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Applying for a non quota visa


Driving across Denmark on a motorbike with George Gamow
Edward Teller Scientist
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I would like to hurry on now. After a very nice year in Copenhagen, very wonderful, because I did do my job in physics and I did everything else that the Rockefeller people were afraid I would do exclusively. We got back to England. Very soon after that we went off for a Christmas holiday to Hungary and coming back from there I had two letters waiting for me. One of those letters were- was from my friends Johnny von Neumann and Eugene Wigner who invited me to come to America for a job in Princeton. The other was from a Russian, George Gamow, who went to America, became professor in Wa- Washington at the George Washington University and invited me to join him there. Well I must tell you, I had gotten acquainted with George Gamow in Copenhagen and a very solid part of our connection was due to an expedition we made to there in my Rockefeller year, when he was also there and invited me to come on his motorbike all the way across Denmark. That excursion was wonderful. It started with a total eclipse of the moon. It was the only time in my life I sat on a motorbike. But, I want to tell you this about Gamow: he had good ideas. Most of them wrong, all of them adventurous and some of them excellent. But this is the important thing about Gamow. His physics and his riding a motorbike were completely different. His physics was ingenious. He's the one who explained the connection between the energy of an alpha decay and the lifetime of the alpha particles, that the alpha decay was really due to a particle's wave function leaking into a region where the particle should not be, according to classical mechanics. Gamow's physics was ingenious and very often wrong. Fortunately, his driving a motor- motorbike was very much less ingenious and absolutely safe. We had a good time. And when he came to America, he invited me to join him.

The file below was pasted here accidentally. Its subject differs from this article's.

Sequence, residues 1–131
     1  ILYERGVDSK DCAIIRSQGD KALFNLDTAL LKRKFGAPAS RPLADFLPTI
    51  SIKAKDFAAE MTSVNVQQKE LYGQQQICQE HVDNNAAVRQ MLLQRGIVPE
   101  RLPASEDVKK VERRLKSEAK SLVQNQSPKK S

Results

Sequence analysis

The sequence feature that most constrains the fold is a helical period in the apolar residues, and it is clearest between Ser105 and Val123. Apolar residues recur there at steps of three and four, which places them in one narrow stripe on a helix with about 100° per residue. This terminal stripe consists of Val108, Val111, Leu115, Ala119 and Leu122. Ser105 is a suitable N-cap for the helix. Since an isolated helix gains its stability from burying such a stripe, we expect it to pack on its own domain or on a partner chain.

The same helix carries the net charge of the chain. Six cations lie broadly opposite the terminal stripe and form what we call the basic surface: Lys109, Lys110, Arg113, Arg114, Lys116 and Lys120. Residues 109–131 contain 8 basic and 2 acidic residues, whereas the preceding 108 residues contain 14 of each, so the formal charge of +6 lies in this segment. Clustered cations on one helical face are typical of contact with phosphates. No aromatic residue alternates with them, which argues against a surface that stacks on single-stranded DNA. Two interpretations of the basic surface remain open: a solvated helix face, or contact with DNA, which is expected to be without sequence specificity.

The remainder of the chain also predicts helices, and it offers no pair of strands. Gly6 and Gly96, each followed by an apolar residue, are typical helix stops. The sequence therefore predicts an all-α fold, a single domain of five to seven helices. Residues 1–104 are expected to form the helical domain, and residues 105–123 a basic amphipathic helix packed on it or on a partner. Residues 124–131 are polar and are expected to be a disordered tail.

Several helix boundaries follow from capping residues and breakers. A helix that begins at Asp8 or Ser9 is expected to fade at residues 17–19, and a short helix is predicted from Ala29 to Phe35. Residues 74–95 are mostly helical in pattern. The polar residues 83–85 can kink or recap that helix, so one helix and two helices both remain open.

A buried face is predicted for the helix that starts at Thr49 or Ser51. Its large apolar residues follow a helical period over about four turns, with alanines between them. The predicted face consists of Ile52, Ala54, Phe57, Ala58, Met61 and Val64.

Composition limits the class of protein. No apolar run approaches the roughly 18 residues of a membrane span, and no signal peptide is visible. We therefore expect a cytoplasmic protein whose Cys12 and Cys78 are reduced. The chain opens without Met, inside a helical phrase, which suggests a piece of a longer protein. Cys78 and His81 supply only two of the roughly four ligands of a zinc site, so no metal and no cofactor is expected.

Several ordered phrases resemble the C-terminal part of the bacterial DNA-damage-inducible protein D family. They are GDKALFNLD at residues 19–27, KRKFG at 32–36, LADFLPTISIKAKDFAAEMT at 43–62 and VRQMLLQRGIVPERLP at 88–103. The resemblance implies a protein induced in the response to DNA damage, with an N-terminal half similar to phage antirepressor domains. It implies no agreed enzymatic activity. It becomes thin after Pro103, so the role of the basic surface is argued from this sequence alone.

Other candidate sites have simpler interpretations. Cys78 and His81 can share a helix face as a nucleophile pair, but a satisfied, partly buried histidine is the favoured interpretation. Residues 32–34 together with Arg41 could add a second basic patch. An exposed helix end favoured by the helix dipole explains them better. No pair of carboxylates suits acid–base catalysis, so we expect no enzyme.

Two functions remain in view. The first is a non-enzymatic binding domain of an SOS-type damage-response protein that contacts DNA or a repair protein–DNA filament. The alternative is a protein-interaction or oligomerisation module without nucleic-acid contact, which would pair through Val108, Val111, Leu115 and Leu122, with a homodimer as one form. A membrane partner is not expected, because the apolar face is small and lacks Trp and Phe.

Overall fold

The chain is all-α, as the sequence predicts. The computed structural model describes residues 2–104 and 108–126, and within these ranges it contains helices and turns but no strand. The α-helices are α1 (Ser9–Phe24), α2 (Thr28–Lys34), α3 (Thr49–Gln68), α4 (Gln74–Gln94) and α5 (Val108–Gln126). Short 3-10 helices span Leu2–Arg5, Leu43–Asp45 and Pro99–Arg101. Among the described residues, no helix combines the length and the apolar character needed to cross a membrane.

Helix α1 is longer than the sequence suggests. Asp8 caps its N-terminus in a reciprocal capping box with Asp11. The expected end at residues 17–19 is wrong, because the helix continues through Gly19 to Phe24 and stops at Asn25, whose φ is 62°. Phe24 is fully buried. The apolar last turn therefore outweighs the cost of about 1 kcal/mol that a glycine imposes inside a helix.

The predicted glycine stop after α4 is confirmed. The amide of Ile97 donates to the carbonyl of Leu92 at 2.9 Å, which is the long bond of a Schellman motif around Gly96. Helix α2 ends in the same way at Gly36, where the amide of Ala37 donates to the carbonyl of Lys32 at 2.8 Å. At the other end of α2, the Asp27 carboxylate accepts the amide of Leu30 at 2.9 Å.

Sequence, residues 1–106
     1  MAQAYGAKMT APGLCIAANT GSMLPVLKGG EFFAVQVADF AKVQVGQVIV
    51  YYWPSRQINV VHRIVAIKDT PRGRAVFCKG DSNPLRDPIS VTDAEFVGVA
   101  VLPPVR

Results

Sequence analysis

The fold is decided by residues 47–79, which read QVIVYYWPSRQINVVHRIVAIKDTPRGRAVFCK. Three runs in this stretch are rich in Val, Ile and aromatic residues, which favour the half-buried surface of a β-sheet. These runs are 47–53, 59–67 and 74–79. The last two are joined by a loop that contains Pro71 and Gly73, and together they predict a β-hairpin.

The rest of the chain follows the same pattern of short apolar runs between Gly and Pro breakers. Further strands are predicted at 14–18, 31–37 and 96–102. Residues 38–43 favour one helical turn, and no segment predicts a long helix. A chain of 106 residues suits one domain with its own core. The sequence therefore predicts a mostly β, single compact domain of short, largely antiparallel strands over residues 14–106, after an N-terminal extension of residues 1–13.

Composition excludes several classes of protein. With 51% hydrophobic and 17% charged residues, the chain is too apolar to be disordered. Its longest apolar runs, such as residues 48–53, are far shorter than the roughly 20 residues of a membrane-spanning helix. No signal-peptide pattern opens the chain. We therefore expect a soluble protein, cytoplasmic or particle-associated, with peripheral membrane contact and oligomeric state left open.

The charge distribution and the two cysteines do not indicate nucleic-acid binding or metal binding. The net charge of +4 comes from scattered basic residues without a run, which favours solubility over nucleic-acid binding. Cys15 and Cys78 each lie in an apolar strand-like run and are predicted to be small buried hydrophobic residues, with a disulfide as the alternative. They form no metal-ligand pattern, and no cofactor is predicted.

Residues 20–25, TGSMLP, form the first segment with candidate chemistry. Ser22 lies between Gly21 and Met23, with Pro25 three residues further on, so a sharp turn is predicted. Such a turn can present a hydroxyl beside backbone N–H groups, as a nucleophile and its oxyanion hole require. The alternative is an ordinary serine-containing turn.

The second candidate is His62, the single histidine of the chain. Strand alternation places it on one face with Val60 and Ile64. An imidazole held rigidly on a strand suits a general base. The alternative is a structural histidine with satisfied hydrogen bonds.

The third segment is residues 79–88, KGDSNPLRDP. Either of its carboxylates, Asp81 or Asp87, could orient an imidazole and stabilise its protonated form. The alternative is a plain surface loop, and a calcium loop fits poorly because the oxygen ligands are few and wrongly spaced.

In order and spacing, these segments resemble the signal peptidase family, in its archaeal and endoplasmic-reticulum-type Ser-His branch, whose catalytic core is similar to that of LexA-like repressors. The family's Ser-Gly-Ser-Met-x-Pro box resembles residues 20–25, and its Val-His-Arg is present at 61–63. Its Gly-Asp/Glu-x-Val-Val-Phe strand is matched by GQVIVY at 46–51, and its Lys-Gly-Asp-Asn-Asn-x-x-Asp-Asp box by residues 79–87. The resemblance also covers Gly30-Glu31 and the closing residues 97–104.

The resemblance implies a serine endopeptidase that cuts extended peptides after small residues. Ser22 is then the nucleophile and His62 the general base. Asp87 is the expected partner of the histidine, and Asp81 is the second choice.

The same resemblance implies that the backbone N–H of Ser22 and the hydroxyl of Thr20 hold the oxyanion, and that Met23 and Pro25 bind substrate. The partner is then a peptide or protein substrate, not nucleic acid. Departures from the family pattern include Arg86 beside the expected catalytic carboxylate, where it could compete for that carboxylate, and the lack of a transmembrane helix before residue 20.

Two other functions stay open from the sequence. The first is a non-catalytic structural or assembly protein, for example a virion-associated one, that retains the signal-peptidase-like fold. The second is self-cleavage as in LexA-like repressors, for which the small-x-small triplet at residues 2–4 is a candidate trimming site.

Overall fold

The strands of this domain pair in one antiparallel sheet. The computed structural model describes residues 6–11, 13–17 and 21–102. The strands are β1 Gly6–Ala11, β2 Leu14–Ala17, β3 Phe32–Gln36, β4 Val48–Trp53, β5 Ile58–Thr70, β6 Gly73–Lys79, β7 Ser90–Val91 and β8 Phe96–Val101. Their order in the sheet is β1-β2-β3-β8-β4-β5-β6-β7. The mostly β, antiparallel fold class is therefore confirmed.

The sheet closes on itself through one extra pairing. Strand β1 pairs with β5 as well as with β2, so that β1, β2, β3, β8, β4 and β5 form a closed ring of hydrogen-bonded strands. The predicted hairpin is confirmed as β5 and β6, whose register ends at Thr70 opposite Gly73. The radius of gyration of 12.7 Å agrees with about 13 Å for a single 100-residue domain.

The late Hungarian-American physicist Edward Teller helped to develop the atomic bomb and provided the theoretical framework for the hydrogen bomb. During his long and sometimes controversial career he was a staunch advocate of nuclear power and also of a strong defence policy, calling for the development of advanced thermonuclear weapons.

Listeners: John H. Nuckolls

John H. Nuckolls was Director of the Lawrence Livermore National Laboratory from 1988 to 1994. He joined the Laboratory in 1955, 3 years after its establishment, with a masters degree in physics from Columbia. He rose to become the Laboratory's Associate Director for Physics before his appointment as Director in 1988.

Nuckolls, a laser fusion and nuclear weapons physicist, helped pioneer the use of computers to understand and simulate physics phenomena at extremes of temperature, density and short time scales. He is internationally recognised for his work in the development and control of nuclear explosions and as a pioneer in the development of laser fusion.

Duration: 4 minutes, 2 seconds

Date story recorded: June 1996

Date story went live: 24 January 2008